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Home > News > PTI

Global warming and glass buildings

Snehesh Alex Philip in New Delhi | June 12, 2007 15:28 IST

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As the country faces acute power shortage and the global warming debate hots up, energy conservationists caution against growing number of buildings with glass facades dotting the landscapes of cities as being responsible for energy consumption much in excess that a normal structure would do.

Real estate developers, however refute this as incorrect.

"If you see the structures that have come up recently, they are all mostly made with glass. Right from top to below, you can see huge shinning glass. Though these buildings look very contemporary and stylish, they are the biggest culprit when it comes to energy consumption," says Harsh Narang, director, Modern India [Get Quote] Architects.

"Glass building are a very European concept because they don't get much of sunlight. Hence, their main aim is to get maximum sunlight. But, in our country where temperatures at times go as high as 50 degrees Celcius, these glasses take in more of sunlight. Hence, the offices use more air-conditioners directly resulting in higher consumption of electricity and also in the form of carbon-dioxide emission and also CFCs that air-conditioners generate causing damage to the ozone layer," he adds.

According to a study conducted by Chartered Institution of Building Services Engineers, London, a complete glass building consumes four times more electricity than a normal building.

"The logic being that since the glass is transparent, higher amount of infra red radiation comes in. They are short wave radiation when they enter, but the moment it enters the room it becomes long-range radiation. Hence, a higher capacity air-conditioner is required to keep the indoors cool. India is a tropical climate and these glass building are just not suitable," says Meenakshi Dhote, assistant professor, Department of Environment Planning, School of Planning and Architecture, Delhi.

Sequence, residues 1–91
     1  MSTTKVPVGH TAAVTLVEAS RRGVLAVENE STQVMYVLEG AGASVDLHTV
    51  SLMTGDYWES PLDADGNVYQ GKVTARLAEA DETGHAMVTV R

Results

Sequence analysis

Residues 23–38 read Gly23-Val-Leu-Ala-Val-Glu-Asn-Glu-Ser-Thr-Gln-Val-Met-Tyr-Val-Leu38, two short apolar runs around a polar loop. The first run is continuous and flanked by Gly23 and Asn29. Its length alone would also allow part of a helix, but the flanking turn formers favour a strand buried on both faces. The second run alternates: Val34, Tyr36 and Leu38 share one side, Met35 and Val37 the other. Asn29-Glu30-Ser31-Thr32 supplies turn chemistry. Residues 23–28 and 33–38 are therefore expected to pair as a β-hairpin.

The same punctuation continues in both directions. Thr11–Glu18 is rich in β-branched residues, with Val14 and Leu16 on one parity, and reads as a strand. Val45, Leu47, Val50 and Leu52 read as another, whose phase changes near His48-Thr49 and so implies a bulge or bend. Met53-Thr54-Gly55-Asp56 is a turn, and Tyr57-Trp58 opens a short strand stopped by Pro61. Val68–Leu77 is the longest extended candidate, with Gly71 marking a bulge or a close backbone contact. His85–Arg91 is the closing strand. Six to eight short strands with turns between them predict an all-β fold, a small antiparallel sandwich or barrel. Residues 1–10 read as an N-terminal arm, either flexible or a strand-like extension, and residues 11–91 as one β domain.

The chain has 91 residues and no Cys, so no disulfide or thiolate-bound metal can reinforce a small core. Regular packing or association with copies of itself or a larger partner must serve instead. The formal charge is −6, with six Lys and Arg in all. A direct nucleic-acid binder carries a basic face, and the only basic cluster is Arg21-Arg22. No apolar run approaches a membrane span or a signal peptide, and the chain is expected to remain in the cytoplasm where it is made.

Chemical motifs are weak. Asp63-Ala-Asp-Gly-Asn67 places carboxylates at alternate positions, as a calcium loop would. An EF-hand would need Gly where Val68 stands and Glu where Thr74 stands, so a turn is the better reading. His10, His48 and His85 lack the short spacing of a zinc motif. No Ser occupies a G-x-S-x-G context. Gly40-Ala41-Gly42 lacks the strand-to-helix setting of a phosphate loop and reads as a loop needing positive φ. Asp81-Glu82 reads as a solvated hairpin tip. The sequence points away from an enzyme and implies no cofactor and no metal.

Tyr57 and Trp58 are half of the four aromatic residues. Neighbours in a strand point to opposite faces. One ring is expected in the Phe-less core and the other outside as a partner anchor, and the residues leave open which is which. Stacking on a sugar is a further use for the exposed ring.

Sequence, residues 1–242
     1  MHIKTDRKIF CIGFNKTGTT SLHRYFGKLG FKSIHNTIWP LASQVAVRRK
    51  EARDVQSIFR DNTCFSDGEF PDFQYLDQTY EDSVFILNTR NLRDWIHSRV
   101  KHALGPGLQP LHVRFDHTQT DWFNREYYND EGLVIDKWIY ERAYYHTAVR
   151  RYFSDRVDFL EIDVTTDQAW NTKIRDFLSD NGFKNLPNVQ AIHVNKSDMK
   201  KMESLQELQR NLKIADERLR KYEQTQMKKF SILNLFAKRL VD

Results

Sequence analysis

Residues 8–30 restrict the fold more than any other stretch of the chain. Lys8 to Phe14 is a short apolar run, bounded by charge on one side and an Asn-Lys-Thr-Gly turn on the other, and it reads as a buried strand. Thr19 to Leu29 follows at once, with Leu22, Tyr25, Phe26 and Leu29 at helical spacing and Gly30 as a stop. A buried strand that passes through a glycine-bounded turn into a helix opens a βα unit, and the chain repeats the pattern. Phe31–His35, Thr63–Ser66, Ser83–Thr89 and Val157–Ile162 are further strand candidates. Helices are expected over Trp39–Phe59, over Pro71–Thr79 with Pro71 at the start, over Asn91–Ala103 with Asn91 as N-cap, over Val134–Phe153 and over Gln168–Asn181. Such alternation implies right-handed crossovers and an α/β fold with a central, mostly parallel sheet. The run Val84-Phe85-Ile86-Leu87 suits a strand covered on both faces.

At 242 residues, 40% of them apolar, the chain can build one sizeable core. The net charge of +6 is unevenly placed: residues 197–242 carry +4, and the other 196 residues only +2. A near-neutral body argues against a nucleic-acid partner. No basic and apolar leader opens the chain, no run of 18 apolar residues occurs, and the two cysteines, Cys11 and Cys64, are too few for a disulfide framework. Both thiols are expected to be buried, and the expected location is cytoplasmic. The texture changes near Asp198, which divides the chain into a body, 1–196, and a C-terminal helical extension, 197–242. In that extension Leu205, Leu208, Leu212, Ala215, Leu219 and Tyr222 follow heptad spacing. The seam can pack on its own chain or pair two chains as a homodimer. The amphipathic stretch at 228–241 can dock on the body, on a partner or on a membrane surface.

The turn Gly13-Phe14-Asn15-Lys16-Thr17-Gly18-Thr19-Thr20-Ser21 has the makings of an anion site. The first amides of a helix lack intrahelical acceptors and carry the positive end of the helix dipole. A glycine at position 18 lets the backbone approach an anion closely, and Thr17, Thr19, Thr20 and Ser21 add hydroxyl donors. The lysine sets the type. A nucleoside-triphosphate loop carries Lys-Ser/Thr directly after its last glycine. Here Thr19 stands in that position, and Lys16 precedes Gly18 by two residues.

But real estate developers refute all such charges. "Such arguments are totally baseless. If the glass is provided with 'U' factor, then it can stop a major portion of radiation from coming in. Moreover, there are also various kinds of glasses that can be used, like double glass which are also very helpful," says K K Bhatacharya, executive director, DLF, a major real estate developer using glass as a key component in their constructions.

"The glass saves lot of energy too because the offices would be less dependent on lighting and hence saves on electricity. If the architecture is done in such a way that not much of sunlight falls on these glasses during the peak time, it can also cut down on the radiation effect. Moreover, ACs are used only for few months," he adds.

According to sources in The Energy Research Institute, which has done extensive study on glass buildings and energy consumption, the proper or optimal use of glass can cut down on energy demands by at least 10 to 15 per cent of a normal building.

"Glass allows in direct radiation and direct radiation is 80 per cent of the total heat generated. Hence, the usage of AC increases meaning more power is used leading to more shortage," says a senior official, TERI.

"Glass structures are just not viable in a tropical country like India," he adds.

Other architects point out that since the focus is now on large glass buildings, there is very little chance of designing a glass building facing no direct sunlight.

The government has also understood the role played by such glass structures in guzzling higher energy and also contribution to global warming. According to the recent Energy Conservation Building Code, future projects can have not more than 40 per cent of gross wall area as glass, the official says.

Other countries are also taking initiative in this regard.

Even the main issue for discussion at G8 Summit held recently in Berlin was global warming.

The Chinese state council has recently ruled that air conditioning must be 26 C max in China's public buildings, a move to cut down on power consumption.

Experts point that the main reason why developers still use glass for many of their projects is because of the cost as well as time factor.

"There is no doubt that glass structures take less time to construct unlike a normal structure," says Bhatacharya.

"Though, these glass structures come up very quickly and is also cost effective, other than looking good, such buildings are a major cause for higher consumption of electricity. With cities facing electricity shortage and rising temperatures, such structures add to the woes of everyone," says Narang.

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